Along similar but opposite lines, the ZEISS Batis 40mm f/2 CF is just ever so slightly wider than the 50mm mark I mentioned and, as such, this is a context lens. But it’s not as wide as a 35mm lens; it still retains that focus and selectiveness of a normal-length lens, but lets a bit more of the environment provide some additional context in your images. And another trick it has up its sleeve is the CF, or Close Focusing, design, which lets you get as close as 9.4" at 1:3.3 magnifications—it’s close, not macro. And this closeness could be used very creatively for some more intimate portraits, headshots, or detailed shots of a subject’s face without having the standard pulled-back sense of an 85mm or longer lens.

ZEISS Batis 40mm f/2 CF Lens
ZEISS Batis 40mm f/2 CF Lens

Voigtländer Heliar 50mm f/3.5

My last pick for an unconventional portrait lens is a 50mm f/3.5. Okay, you can stop smirking now. Yes, it’s an f/3.5. But it’s the Voigtländer Heliar 50mm f/3.5; one of the smallest lenses around but also one of the most character-rich lenses around. And what is a portrait, really, without character? Modern lenses and their sharpness, their APO designs, their multi-coatings… meh! This lens is a Heliar; it’s a 120-year-old optical design that was once known for its incredible sharpness, but is now also known for the smooth transition from sharpness to blurriness and, of course, the bokeh. For me, this transitional quality, the blurred quality, and the selective sharpness quality all add up to being a very useful and coveted set of features for a portrait lens.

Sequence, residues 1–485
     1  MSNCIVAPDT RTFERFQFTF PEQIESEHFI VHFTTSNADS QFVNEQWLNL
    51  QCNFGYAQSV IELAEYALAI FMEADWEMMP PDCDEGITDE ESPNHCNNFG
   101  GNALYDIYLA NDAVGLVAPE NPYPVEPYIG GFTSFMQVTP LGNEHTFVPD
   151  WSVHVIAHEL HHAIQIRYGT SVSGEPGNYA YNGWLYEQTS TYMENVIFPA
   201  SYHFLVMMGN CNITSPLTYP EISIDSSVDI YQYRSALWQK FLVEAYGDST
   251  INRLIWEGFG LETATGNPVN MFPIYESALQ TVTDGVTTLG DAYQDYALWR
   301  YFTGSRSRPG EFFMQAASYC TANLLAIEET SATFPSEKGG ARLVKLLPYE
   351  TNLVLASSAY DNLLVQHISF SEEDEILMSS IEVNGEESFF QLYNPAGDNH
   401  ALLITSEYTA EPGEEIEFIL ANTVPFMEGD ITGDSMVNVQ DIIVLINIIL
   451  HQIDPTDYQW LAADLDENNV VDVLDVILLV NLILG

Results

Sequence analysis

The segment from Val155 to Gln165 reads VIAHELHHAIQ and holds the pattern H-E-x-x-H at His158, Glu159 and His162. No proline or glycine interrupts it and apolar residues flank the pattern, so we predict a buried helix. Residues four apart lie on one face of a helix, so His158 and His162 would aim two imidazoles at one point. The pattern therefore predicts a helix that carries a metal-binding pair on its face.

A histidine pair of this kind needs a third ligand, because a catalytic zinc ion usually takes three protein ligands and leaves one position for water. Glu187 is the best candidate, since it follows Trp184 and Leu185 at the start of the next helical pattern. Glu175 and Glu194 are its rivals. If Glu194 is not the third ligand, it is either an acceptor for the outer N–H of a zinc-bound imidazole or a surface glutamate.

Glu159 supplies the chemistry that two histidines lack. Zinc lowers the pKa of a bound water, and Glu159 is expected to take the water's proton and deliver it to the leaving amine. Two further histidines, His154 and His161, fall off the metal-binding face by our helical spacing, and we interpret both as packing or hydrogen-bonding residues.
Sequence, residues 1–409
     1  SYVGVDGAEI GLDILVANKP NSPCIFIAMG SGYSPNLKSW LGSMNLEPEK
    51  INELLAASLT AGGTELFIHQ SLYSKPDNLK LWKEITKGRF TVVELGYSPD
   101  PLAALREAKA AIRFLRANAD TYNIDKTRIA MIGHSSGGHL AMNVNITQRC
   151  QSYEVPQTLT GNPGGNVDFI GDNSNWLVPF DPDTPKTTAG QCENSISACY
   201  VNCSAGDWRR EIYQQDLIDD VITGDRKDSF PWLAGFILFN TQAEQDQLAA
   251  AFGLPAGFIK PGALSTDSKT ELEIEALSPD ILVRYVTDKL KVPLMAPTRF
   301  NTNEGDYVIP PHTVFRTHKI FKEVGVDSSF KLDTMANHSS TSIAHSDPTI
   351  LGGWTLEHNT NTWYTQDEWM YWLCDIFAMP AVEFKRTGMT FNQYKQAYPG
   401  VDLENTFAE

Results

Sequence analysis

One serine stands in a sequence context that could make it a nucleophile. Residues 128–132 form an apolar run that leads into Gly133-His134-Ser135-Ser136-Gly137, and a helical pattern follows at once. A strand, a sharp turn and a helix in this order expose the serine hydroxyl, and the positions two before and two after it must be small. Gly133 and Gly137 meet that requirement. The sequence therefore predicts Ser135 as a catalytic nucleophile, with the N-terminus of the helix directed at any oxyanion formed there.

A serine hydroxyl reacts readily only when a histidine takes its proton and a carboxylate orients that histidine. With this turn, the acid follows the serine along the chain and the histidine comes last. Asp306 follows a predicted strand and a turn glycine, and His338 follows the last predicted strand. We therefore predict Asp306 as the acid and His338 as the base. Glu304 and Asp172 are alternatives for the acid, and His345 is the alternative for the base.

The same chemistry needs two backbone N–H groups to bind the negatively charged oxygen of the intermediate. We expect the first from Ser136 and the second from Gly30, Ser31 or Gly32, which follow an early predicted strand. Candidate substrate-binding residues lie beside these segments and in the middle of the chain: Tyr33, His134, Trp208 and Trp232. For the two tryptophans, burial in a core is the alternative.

Voigtlander Heliar 50mm f/3.5 Lens
Voigtländer Heliar 50mm f/3.5 Lens

These are my five picks for unconventional, unique portrait lenses. What are yours? Do you have a favorite lens for portraits that most others wouldn’t think to use? Let us know, in the Comments section.